Simple, Flexible d100 Gaming

When was the last time your character used their “Accounting” skill?

Or, for that matter, “Mineral Lore“?

What about “Dance“?

What? Really? Your character’s a waltzing geologist with a head for figures?

Well, for the rest of us, here’s Hack100…

Hack100 is a tabletop role-playing game system in which characters can be created in minutes and the vast majority of in-game actions are covered by around a dozen, rather than dozens of, skills.

It is also very flexible, eschewing standard lists of professions, skills, powers and monsters in favour of a freeform, collaborative approach.

Hack100 is a generic system that is suitable for most genres of role-playing games.

Classic percentile-based d100 system

Hack100 uses a classic percentile-based mechanic in which a character’s various abilities are expressed as a percentage. Tasks are resolved by attempting to roll under the relevant ability on 1d100.

The intention is to provide a streamlined system that is quick, easy and intuitive to use. This allows a game to flow naturally with minimal interruptions for the referencing of rules or tables.

Quick yet flexible character generation

All characters are defined by just ten core Abilities. These cover the actions that occur most commonly in typical games.

The core Abilities are supplemented with a small number of additional Specialisms that reflect an individual character’s particular background, talents or training.

There is no fixed list of Specialisms. Instead, they are agreed between the players and the Referee. This freedom allows players to create exactly the character they imagine without the constraints of predefined classes, careers, skills, talents and powers.

Freeform collaborative approach

Rather than providing standard lists of character classes, skills, equipment, spells, powers or monsters, Hack100 instead provides a framework that allows Referees and players to tailor the game to their exact preferences

  • A single sentence summarises a character’s background and motivation for adventuring.
  • The costs and effects of spells and other such powers are agreed on a case-by-case basis at the point of use.
  • A simple ten-step methodology is presented for creating any NPC or monster such that they are a bespoke addition to a game.

Latest blog posts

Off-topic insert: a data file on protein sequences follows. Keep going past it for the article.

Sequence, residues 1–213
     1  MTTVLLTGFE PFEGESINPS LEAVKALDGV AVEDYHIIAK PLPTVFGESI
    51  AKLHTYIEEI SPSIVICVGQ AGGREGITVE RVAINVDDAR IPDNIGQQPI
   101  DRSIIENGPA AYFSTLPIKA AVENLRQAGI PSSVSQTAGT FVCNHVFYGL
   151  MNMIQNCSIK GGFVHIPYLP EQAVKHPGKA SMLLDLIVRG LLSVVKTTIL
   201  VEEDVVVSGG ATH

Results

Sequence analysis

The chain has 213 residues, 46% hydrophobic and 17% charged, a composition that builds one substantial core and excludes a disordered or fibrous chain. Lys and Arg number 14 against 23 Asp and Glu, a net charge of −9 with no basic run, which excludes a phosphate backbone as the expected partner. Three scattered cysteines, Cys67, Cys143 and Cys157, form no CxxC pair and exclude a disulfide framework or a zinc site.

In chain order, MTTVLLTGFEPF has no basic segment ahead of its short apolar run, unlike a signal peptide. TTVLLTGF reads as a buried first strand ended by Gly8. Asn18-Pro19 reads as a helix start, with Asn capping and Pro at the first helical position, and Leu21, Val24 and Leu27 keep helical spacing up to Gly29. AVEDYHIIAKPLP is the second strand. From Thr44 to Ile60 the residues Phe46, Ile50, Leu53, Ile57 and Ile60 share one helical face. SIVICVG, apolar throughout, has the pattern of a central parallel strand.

• A Character Sheet for “Catching Rats & Robbing Graves”
    A game’s character sheet can often tell you a lot about its level of detail and complexity. Therefore, ahead of the release of the first full draft of Catching Rats & Robbing Graves, the Hack100 supplement for running WFRP-style games, here is its character sheet. I’m hoping to release that full draft of CRARG within […]
  • Catching Rats & Robbing Graves – Release 0.01
    Here’s an early work-in-progress release of Catching Rats & Robbing Graves (CRARG), a supplement for Hack100 that provides guidelines for running Warhammer Fantasy Roleplay (WFRP)-style games. Release 0.01 of CRARG includes the Introduction and the early sections of Character Creation. To accompany the release, here are some supplementary design notes.
  • Catching Rats & Robbing Graves: Other Warhammer-Inspired RPGs
    Before diving into a Warhammer Fantasy Roleplay-inspired conversion of Hack100, I thought I’d take a look at similar paths travelled by others. There are three existing RPGs that I’m aware of that pass the “Does it have ‘Rat Catcher’ and ‘Grave Robber’ characters?” test.
  • Warhacker
    Whilst I love the setting and tone of the 4th Edition of Warhammer Fantasy Roleplay, I’m less convinced by its mechanics, particularly in combat. Fundamentally, it’s a straightforward d100 system. However, it is burdened by a plethora of modifiers to each attack roll – advantage, target size, range, conditions, ailments, psychological effects, etc. And that’s before […]
  • What Next for Hack100?
    With the release of the Hack100 core rules, it’s time to consider what to do next. I’m keen to build upon the momentum generated by the launch that saw around 500 downloads in the first three weeks. There are three areas in which I see scope for additional content.

More blog posts …